Semantics, semiotics and sophistry

The debate about what is customer insight, need, focus etc; whether it should be citizen or customer, is an important one, not due to semantics but to semiotics (what we intend to mean by the use of particular words or expressions) and I believe there is an element of sophistry in their usage.

Calling someone a customer might be intended to give them a warm cuddly feeling whilst all the time they are a citizen in need of assistance. At least calling them a citizen means that as a part of a community they can expect certain privileges and the person assisting them has certain duties in providing the service, and the warm cuddly feeling can pervade all around when the citizen is satisfied.

Some definitions:

Customer – From Wikipedia – http://en.wikipedia.org/wiki/Customer

A customer is someone who makes use of or receives the products or services of an individual or organization. The word historically derives from “custom,” meaning “habit”; a customer was someone who frequented a particular shop, who made it a habit to purchase goods there, and with whom the shopkeeper had to maintain a relationship to keep his or her “custom,” meaning expected purchases in the future.

Customer needs may be defined as the goods or services a customer requires to achieve specific goals. Different needs are of varying importance to the customer. Customer expectations are influenced by cultural values, advertising, marketing, and other communications, both with the supplier and with other sources.

Both customer needs and expectations may be determined through interviews, surveys, conversations, data mining or other methods of collecting information. Customers at times do not have a clear understanding of their needs. Assisting in determining needs can be a valuable service to the customer. In the process, expectations may be set or adjusted to correspond to known product capabilities or service.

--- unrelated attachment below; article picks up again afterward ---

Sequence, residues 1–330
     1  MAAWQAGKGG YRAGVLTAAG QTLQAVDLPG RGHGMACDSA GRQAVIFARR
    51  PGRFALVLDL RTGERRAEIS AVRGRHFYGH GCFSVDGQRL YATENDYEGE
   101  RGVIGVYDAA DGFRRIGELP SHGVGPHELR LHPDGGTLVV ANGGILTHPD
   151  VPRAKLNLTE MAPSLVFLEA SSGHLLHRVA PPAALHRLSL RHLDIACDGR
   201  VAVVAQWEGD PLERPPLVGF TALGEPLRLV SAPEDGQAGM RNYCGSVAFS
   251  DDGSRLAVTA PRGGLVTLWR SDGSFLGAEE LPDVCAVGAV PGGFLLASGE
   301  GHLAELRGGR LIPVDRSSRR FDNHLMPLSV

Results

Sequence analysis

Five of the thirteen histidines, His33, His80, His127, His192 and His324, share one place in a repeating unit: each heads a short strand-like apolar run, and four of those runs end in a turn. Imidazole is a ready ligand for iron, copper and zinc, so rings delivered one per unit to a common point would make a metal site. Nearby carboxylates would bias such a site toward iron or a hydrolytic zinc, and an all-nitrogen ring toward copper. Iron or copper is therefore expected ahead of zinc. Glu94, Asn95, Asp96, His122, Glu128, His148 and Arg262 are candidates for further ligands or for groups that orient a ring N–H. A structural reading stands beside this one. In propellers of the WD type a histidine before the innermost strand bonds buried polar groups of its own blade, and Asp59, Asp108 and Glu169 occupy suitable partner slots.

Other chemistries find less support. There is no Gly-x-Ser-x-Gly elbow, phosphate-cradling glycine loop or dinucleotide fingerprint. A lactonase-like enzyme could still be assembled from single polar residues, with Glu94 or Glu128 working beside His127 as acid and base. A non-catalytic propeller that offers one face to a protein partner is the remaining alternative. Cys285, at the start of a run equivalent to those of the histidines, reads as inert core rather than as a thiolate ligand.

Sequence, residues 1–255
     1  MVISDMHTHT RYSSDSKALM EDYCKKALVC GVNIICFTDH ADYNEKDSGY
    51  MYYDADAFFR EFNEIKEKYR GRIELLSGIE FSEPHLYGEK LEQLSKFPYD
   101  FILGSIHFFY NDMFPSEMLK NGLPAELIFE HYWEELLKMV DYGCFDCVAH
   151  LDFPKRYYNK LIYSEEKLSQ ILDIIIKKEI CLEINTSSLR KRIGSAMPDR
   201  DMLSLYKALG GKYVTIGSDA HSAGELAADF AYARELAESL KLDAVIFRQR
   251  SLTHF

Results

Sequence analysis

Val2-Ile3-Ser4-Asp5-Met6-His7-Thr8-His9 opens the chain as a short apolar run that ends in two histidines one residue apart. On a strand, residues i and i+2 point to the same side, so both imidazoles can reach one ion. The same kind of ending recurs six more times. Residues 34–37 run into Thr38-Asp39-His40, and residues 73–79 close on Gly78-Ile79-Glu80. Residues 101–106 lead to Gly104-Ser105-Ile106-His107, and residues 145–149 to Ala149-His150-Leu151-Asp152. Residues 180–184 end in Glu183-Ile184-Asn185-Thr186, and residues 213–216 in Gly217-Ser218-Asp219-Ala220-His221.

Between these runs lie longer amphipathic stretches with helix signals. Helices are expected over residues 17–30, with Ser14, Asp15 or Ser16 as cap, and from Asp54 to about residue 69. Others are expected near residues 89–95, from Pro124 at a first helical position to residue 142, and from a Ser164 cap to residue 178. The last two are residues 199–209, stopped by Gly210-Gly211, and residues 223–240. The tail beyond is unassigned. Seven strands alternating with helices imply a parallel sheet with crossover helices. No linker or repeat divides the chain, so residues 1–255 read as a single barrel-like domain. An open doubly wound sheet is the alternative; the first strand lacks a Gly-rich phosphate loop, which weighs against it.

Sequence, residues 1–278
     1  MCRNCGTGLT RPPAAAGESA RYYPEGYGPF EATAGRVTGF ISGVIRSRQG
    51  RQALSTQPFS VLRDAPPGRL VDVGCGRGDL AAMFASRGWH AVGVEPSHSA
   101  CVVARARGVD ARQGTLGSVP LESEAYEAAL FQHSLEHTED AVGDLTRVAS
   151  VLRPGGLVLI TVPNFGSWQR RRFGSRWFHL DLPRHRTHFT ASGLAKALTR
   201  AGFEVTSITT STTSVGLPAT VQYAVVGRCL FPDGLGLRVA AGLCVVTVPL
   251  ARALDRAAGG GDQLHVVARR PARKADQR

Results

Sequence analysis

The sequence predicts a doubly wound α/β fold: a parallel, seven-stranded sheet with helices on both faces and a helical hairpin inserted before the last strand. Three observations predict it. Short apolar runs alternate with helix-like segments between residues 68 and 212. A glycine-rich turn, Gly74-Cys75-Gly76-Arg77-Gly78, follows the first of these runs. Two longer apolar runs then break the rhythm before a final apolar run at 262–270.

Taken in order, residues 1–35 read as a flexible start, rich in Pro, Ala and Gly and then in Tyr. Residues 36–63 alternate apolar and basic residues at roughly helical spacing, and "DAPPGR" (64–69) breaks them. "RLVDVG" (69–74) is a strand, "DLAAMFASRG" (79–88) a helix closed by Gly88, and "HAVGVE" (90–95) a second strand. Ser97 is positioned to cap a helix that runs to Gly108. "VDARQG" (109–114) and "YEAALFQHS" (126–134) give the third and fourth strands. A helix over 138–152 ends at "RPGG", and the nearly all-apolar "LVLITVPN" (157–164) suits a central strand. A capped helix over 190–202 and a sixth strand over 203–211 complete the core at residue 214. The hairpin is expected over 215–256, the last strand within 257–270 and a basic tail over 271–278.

Citizen – from Wikipedia http://en.wikipedia.org/wiki/Citizen

Citizenship is membership in a society, community, (originally that of a city or town but now usually for a country) and carries with it rights to political participation; a person having such membership is a citizen. Citizenship status often implies some responsibilities and duties under social contract theory. It is largely coterminous with nationality,[citation needed] although it is possible to have a nationality without being a citizen (i.e., be legally subject to a state and entitled to its protection without having rights of political participation in it).

We then get onto where semiotics meets sophistry:

Customer Insight –

This definition is taken from the Government Communication Network’s Engage Programme.  The Insight section on the Engage web site (http://engage.comms.gov.uk/ – only accessible to the Civil Service!) includes more detail on methodology and tools, together with some examples of where deep psychological truths derived from customer insight activity have been applied effectively in campaigns to drive behavioural change.